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The answer of following classical problem is surely known, but I can't find a reference

For which positive integer $n$ is the set $S_n$ of primes of the form $x^2+n y^2$ ($x$, $y$ integers) determined by congruences?

A set of prime $S$ is said determined by congruences if there is a positive integer $m$ and a set $A \subset (\mathbb{Z}/m\mathbb{Z})^\ast$ such that a prime $p$ not dividing $m$ is in $S$ if and only if $p$ modulo $m$ is in $A$. There is a natural place to look for this question: the book by Cox "primes number of the form $x^2+ny^2"$". Unfortunately I don't have it, my library doesn't have it, and I can't find it on the internet, except for some preview at Amazon and Google. From the table of content and the preview it seems that the book does not contain the answer to my question (otherwise I wouldn't ask) but it is still possible that the answer be hidden precisely in one of the sporadic pages that amazon doesn't want me to see.

From that book one knows that a prime $p$ is in $S_n$ if and only if it splits in the ring class field $L_n$ of the order $\mathbb{Z}[\sqrt{-n}]$ in the quadratic imaginary field $K_n:=\mathbb{Z}[\sqrt{-n}]$. Therefore the question becomes: is $L_n$ abelian over $\mathbb{Q}$? Now $H_n:=Gal(L_n/K_n)$ is the ring class group of $\mathbb{Z}[\sqrt{-n}]$, hence abelian, and $Gal(L_n/\mathbb{Q})$ is a semi-direct extension of $\mathbb{Z}/2\mathbb{Z}$ by $H_n$, the action of the non-trivial element of $\mathbb{Z}/2\mathbb{Z}$ on $H_n$ being $x \mapsto x^{-1}$. Hence, if I am not mistaken (am I?), the question is equivalent to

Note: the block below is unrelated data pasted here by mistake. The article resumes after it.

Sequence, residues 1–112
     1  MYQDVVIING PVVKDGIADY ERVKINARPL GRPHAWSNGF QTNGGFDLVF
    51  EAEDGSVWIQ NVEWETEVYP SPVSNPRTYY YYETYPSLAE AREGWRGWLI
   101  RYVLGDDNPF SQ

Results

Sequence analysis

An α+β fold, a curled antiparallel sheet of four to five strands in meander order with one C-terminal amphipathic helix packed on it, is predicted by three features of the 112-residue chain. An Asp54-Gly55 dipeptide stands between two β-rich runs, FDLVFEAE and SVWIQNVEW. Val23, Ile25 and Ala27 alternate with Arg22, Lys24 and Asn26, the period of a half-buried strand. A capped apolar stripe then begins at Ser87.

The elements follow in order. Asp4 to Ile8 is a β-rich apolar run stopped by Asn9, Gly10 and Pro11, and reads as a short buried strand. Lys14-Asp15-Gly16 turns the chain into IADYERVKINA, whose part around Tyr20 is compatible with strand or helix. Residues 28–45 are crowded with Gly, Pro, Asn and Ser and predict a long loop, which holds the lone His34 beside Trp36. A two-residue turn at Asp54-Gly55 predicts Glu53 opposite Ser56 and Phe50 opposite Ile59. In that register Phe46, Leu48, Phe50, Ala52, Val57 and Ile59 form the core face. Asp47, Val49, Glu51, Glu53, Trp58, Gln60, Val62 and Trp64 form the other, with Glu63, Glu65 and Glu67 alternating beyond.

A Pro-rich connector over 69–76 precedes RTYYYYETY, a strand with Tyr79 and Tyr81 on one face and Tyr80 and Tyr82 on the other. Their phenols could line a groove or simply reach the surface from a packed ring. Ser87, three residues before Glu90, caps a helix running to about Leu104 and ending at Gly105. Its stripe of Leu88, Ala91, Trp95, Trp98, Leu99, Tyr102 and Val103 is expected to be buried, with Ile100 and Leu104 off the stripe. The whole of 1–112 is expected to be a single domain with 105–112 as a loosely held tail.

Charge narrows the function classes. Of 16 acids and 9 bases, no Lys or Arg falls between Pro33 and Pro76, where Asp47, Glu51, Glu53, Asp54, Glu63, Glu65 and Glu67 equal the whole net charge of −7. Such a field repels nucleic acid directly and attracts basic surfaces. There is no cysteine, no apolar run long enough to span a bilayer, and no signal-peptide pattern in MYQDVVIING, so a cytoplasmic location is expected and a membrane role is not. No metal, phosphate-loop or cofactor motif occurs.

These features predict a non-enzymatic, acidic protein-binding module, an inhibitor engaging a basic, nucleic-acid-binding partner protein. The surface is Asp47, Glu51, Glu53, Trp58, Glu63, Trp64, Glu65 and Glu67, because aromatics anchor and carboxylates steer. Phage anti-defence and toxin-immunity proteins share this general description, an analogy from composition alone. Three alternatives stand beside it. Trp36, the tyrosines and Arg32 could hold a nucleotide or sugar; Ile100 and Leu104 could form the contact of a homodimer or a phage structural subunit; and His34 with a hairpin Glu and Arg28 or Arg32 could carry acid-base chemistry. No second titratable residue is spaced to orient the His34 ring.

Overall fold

For which $n$ is the ring class group $H_n$ killed by $2$?

Thanks for any clue or reference. I am especially interested in the case $n=32$.

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# Primes of the form $x^2+ny^2$ and congruences.

The answer of following classical problem is surely known, but I can't find a reference

For which positive integer $n$ is the set $S_n$ of primes of the form $x^2+n y^2$ ($x$, $y$ integers) determined by congruences?

A set of prime $S$ is said determined by congruences if there is a positive integer $m$ and a set $A \subset (\mathbb{Z}/m\mathbb{Z})^\ast$ such that a prime $p$ not dividing $m$ is in $S$ if and only if $p$ modulo $m$ is in $A$. There is a natural place to look for this question: the book by Cox "primes number of the form $x^2+ny^2"$". Unfortunately I don't have it, my library doesn't have it, and I can't find it on the internet, except for some preview at Amazon and Google. From the table of content and the preview it seems that the book does not contain the answer to my question (otherwise I wouldn't ask) but it is still possible that the answer be hidden precisely in one of the sporadic pages that amazon doesn't want me to see.

From that book one knows that a prime $p$ is in $S_n$ if and only if it splits in the ring class field $L_n$ of the order $\mathbb{Z}[\sqrt{-n}]$ in the quadratic imaginary field $K_n:=\mathbb{Z}[\sqrt{-n}]$. Therefore the question becomes: is $L_n$ abelian over $\mathbb{Q}$? Now $H_n:=Gal(L_n/K_n)$ is the ring class group of $\mathbb{Z}[\sqrt{-n}]$, hence abelian, and $Gal(L_n/\mathbb{Q})$ is a semi-direct extension of $\mathbb{Z}/2\mathbb{Z}$ by $H_n$, the action of the non-trivial element of $\mathbb{Z}/2\mathbb{Z}$ on $H_n$ being $x \mapsto x^{-1}$. Hence, if I am not mistaken (am I?), the question is equivalent to

For which $n$ is the ring class group $H_n$ killed by $2$?

Thanks for any clue or reference. I am especially interested in the case $n=32$.